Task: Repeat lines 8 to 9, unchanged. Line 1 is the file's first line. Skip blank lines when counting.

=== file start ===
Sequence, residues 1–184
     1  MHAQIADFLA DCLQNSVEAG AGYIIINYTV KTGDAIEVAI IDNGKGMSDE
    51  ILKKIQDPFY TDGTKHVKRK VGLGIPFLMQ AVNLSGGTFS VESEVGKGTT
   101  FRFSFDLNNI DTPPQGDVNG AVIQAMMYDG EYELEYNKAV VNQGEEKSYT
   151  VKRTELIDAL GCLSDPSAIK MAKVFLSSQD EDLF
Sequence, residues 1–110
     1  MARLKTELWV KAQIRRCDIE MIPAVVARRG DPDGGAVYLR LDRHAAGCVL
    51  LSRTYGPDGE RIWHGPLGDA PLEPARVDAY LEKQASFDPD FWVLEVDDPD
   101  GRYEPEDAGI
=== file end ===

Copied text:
    51  LSRTYGPDGE RIWHGPLGDA PLEPARVDAY LEKQASFDPD FWVLEVDDPD
   101  GRYEPEDAGI